4 July, 1743 — To take advantage of the south-west wind, we weighed anchor at about three o'clock in the morning, but, as a dense fog had suddenly arisen, we decided to seek our first anchorage, which we reached at eight o'clock in the morning. About eleven o'clock, the weather having cleared, we continued our voyage, and, about noon, we arrived opposite cape Charles. After sailing for five or six leagues from said cape, we saw the entrance of La baye St. Alexis, which seemed to be about three leagues wide by five leagues deep with some islands and islets within. This bay is closed to the north by a steep bluff which begins a chain of capes and very high mountains along the sea-shore. Steering a north-quarter-north-west course, we sailed about five or six leagues along the Coste des Eskimaux, which is a very high and steep treeless cliff. At the foot of these cliffs the water is very deep. About seven o'clock in the evening, we discovered a very high and steep cape which we called cape Perce, because we saw, at its base, an opening which formed a covered way in the cape above the water-level, in the manner of a road which road connected with a bay, which we entered in search of an anchorage about a league and a half in the said bay, which is about one league wide at its entrance, by two leagues deep, and larger vessels can easily enter to find shelter. We called that bay the baye des Meniques, on account of the number of big fish, sixteen feet long seen there and which the fishermen called meniques. This fish has a back-fin five feet long. He fights the seal and chases him along the land, which permits the sedentary fishing of seal which would pass at a distance, were he not pursued by the meniques. To the north and south of this bay are islands and islets along the land, and we anchored between these islands and the land in twenty fathoms of water. We then put a boat to sea, and many of our crew landed on a steep island at the summit of which they kindled a fire with peat. Having seen Eskimaux approaching in six canoes and three boats, our men jumped into the boat and came on board crying out to us to weigh anchor and to moor further from the shore so as to be out of reach of the arrows of the Eskimaux. Having shifted our anchorage, we then put our artillery in readiness and prepared our arms in order to be always on the defensive in case of an attack, and to avoid being taken by surprise during the night. Not venturing to board us, the said Eskimaux landed on a neighbouring island where they uttered cries, raising their oars and saying in their jargon, "Tout Camara Troquo balena, non Characo", which means "No war, I am your comerade, let us trade whale". As we had a speaking - trumpet on board, we took it to answer them in the same terms. Three Eskimaux then jumped into their canoes and came on board where they showed us great affection. I remarked that the presence of our small artillery and of our arms frightened them to such a degree that all their bodies were trembling for fear of them and to such an extent that they naturally bled from the nose without striking themselves, which I found very queer. I had some gifts distributed to them, which seemed to please them, and in return they gave me whale fins, together with some of their seal clothing which is valueless, and which I accepted only to avoid appearing to refuse their gifts. They then embarked in their canoes. As they were leaving, I had a few rifle shots fired, which appeared to frighten them and caused them to cry as if asking for mercy.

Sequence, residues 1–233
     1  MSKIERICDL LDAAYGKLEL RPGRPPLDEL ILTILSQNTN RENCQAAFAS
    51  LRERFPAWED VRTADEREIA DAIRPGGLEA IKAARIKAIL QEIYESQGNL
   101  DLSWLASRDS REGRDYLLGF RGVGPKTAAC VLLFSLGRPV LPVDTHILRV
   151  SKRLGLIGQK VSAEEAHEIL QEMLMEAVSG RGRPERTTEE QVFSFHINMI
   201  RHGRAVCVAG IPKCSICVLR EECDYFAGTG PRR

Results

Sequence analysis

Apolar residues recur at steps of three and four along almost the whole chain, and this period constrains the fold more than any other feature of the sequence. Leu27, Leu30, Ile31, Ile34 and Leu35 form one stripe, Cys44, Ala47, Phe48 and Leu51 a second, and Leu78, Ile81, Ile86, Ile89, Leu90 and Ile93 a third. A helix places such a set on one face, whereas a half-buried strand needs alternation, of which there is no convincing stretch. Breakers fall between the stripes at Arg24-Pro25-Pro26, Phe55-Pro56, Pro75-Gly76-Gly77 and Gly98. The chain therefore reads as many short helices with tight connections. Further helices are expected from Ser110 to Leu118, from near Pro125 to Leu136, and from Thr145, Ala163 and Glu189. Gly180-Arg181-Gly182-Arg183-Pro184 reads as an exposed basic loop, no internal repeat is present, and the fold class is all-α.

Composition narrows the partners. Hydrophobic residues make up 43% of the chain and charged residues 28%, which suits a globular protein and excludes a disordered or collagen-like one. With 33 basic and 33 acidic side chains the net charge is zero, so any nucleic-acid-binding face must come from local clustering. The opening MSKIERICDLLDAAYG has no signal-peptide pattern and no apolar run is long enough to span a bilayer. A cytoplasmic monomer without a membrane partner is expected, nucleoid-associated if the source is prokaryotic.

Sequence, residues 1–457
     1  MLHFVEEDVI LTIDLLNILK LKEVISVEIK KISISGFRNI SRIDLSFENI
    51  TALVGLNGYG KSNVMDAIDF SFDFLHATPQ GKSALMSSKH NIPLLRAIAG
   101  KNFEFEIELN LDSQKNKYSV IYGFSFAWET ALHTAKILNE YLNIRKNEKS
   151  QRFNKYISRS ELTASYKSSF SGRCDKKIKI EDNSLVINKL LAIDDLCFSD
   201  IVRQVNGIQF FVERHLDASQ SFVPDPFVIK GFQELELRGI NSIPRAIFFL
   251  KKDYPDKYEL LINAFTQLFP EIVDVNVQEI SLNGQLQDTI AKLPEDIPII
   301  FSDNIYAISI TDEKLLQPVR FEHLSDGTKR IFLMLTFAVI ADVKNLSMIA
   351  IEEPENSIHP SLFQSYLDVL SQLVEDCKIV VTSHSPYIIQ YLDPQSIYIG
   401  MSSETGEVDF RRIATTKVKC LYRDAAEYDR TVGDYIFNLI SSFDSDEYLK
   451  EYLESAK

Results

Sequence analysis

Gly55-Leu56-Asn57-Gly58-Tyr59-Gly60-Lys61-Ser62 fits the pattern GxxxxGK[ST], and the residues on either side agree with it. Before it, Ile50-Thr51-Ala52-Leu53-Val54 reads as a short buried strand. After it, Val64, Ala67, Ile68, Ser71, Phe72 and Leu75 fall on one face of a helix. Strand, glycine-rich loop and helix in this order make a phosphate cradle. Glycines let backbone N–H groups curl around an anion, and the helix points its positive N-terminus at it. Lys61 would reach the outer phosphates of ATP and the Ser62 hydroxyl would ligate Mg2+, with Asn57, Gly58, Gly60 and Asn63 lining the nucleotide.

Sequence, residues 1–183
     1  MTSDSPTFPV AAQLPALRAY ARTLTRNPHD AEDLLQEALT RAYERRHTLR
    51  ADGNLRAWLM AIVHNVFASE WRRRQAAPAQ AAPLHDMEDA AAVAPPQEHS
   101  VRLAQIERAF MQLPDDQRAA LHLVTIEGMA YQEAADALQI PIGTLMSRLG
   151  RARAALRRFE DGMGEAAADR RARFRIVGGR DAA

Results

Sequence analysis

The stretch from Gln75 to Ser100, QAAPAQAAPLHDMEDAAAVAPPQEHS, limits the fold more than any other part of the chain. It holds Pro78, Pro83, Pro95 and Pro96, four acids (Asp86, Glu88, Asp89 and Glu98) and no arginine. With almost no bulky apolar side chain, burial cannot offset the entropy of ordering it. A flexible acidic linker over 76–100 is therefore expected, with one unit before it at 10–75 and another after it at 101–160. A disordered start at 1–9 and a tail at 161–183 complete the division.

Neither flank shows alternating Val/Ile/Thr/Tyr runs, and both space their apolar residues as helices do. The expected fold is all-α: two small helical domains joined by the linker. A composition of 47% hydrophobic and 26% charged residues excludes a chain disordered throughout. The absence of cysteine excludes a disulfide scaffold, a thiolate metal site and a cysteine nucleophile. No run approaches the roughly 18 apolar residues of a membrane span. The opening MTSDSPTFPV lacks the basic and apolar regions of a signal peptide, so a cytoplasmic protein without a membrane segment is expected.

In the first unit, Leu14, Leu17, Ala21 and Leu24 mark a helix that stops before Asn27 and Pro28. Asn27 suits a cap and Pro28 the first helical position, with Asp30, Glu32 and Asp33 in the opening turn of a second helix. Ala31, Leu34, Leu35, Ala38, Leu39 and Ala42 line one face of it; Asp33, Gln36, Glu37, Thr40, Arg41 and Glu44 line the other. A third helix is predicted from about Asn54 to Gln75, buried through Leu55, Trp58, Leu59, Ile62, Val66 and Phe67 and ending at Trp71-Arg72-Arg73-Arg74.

5 July, 1743 — Having left baye des Meniques, we sailed about seven leagues along the Coste des Eskimaux. Then contrary winds having set in, we were compelled to seek shelter in another bay about one league wide at its entrance by several leagues long, in which large vessels can obtain shelter from all winds; To the north and south of it are islands and islets. Before anchoring, the wind having veered to the east, we tried to tack about to leave this bay. And, at the same time, as the wind decreased, we saw nine canoes of Eskimaux and a boat which appeared to us to be paddled by only women and children. Fearing an attack, we had our arms in readiness, nine canoes of Eskimaux having reached the vessel. One of them gave us to understand that his name was Captain Hape, and, seeing that we could not leave the bay on account of a contrary wind, he offered to show us an anchorage. Having embarked in his canoe and proceeded ahead to indicate the course, he led us to the bottom of the bay to show us the anchorage. There we remained until the day after. Captain Hape having then gone on board to join his companions, as an acknowledgment of the good service he had rendered us, I gave him a few gifts, and some to the other Indians of his troop, who expressed great friendship for us and gave us whale fins. We named this bay after the name of this Eskimaux captain.